Alexander Pushkin: A Critical Study
This book of poems can be read quickly. It includes English translations by nine other poets, but most (33) of the 60 poems in this book have been translated by A. D. P. Briggs, who has devoted four books to Pushkin and has also edited four other volumes in the Everyman's Poetry series. Briggs also revised Chapter 8 of Oliver Elton's translation of Yevgeny Onegin, which he describes in the Introduction as, "A few stanzas from the end of the novel are included here in order to give a general impression of how the novel works." (p. xvii). Poem 16, "The Caucasus" is credited to F. Cornford on pages xxi and 19, but the Acknowledgements on page 104 credits a book, POEMS FROM THE RUSSIAN (1943), "trans. Frances Cornfield [this mistake might be due to the enormous number of actual cornfields that currently exist on this planet] and Esther Polianowski." Of the Pushkin poems translated by C. M. Bowra in a book from 1948, eight poems are included in this book.
The Contents lists the titles of the poems, and the Introduction explains poetic qualities which the translations in this volume attempt to match, "partly to ensure that interesting formal properties like these are not lost." (p. xv). The first paragraph on page xvi attempts to show how the poems "are grouped roughly thematically," into the order in which the themes are encountered in the first poem in this book, "Winter. What shall we do out in the country?" Pushkin's major themes are identified as the personal, the natural world, poetry, love, some poems of ideas, and his poems on those topics comprise the first half of the book. The longer works in the final portion of the book include the concluding stanzas of YEVGENY ONEGIN (which has 366 stanzas altogether), Chapter 8, Stanzas 33-51.
The poems "Remembrance" and "Elegy" are mentioned as examples of a Pushkinian philosophy of life. Thoughts "Settle in limpid twilight languidly distilled," as the third line of the poem "Remembrance" puts it. Pushkin is capable of other feats, and the introduction observes that one long poem, "(known in Russian as `Gavriiliada' after the angel Gabriel) is an overtly sacreligious re-enactment of several Bible stories (Adam and Eve, Joseph and Mary, the Annunciation, etc.) run together into an extended sexual romp." (p. xviii). This kind of thing is usually considered a catastrophe, as far as serious philosophy is concerned, and "In its day Pushkin could not acknowledge authorship; neither could Russian criticism until recently." (p. xviii). It reminds me of the poem, "the boys i mean are not refined," by e. e. cummings, which was only included in a limited edition of nine copies of his book, NO THANKS, in 1935, but was dropped in subsequent editions until after his death in 1962. Similarly, the introduction by A. D. P. Briggs notices Pushkin's use of "swearwords in `The Waggon of Life'," (p. xix) which Briggs called, "language unusable until recent times in both Russia and England." (p. xvii). Anything that I might say about such language might be considered totally off the subject here, but a revisionist view of the relationship between poetry and philosophy might make some personal comments appropriate here.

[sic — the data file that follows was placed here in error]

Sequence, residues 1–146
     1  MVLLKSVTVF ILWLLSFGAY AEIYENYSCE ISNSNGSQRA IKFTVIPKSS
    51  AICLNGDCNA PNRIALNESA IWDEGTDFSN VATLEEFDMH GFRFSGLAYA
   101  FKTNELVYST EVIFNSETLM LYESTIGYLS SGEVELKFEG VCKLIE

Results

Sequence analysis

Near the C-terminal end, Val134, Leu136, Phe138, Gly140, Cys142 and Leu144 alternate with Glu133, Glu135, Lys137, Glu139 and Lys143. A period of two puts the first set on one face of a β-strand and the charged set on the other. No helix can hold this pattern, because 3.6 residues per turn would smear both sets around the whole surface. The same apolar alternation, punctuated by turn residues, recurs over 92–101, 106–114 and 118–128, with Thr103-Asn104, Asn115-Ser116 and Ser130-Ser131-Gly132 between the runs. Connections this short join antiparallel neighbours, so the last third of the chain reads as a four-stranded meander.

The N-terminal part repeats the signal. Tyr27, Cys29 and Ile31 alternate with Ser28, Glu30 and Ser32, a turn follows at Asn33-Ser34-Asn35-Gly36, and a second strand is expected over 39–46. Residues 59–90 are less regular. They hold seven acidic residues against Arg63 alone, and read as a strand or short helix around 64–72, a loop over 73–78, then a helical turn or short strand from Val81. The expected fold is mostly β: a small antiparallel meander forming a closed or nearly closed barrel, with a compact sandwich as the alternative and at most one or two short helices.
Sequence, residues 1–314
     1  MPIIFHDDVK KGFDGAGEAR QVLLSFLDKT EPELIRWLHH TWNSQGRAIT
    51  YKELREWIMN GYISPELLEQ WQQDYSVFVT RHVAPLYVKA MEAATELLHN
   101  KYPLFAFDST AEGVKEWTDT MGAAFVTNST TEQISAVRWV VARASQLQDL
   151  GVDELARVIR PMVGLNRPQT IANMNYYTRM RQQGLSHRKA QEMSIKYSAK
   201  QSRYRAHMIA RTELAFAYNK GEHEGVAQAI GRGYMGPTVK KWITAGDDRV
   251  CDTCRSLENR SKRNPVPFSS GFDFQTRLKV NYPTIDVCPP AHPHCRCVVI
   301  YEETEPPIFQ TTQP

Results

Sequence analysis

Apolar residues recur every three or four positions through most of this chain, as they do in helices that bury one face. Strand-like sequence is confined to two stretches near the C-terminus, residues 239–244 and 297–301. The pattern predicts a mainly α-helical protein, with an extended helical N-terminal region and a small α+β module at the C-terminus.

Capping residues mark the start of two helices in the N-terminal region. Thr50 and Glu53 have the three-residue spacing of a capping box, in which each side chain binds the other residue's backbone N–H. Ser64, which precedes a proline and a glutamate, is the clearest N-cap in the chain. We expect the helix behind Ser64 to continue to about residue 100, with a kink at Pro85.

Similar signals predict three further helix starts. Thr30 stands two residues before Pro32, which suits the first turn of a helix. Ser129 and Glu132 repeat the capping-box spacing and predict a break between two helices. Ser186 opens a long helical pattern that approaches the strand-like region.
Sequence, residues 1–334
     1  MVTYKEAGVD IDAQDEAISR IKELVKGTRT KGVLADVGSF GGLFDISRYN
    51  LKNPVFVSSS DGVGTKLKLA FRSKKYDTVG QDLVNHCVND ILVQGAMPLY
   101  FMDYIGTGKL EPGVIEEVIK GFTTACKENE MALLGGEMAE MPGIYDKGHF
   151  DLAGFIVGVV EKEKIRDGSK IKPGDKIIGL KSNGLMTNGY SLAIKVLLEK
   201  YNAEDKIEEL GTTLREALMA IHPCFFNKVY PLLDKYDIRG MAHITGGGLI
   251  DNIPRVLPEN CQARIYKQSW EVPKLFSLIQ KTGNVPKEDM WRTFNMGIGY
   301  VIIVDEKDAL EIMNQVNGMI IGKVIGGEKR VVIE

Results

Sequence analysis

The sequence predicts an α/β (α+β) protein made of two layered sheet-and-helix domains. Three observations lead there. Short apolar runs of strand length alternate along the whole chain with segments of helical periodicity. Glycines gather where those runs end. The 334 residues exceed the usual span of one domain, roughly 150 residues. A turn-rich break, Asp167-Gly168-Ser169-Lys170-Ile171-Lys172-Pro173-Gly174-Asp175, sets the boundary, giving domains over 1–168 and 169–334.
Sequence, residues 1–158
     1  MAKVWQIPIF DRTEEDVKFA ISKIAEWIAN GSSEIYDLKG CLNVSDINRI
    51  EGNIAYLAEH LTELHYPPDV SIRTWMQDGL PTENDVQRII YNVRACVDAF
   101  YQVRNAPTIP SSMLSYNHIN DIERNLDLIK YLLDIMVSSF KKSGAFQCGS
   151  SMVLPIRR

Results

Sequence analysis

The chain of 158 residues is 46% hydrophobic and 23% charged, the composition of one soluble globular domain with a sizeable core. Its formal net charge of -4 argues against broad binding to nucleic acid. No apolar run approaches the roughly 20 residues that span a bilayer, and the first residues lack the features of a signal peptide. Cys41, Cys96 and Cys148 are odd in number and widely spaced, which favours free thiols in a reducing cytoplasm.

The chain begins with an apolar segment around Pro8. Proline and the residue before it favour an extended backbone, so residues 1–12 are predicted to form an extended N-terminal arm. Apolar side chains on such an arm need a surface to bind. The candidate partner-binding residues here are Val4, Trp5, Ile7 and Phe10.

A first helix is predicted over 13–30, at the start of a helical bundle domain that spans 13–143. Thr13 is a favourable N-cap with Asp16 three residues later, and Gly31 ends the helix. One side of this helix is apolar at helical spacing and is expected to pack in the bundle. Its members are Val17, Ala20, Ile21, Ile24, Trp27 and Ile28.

As author of the unpublished, unedited, and largely unwritten MY VIETNAM WAR JOKE BOOK, any claim that I might make to knowledge of philosophy is highly suspect, similarly to the status achieved by Martin Heidegger when he is considered the Nazi philosopher. In my case, the must dubious aspect of convergence might be expressed by using the phrase *peace with honor* instead of any swearword that might appear. This could be catastrophic for the poetic values involved, but purely for philosophical reasons, I would like to insert *peace with honor* in place of the swearwords in Pushkin's poem, "The Waggon of Life." The second and third stanza become:
We climb aboard the boards at dawn
Full of wild devilment and crowing;
Spurning the lanquid life with scorn,
We cry, `Go on, get *peace with honor* going!'
But by midday we've lost that boldness,
Feeling the wagon shake and judder.
Dread are the heights and dizzy gorges,
We cry, `Slow down you silly *peace with honor*!'
A few things about this book seemed British to me. The word which made the least sense to me was "judder," in the poem "The Waggon of Life," on page 39. If the word was made up to produce a rhyme, the line it was in would have made more sense if it had ended with the common word, shudder:
Feeling the waggon shake and shudder.
The stanza doesn't end with: "We cry, `Slow down you silly buggy!"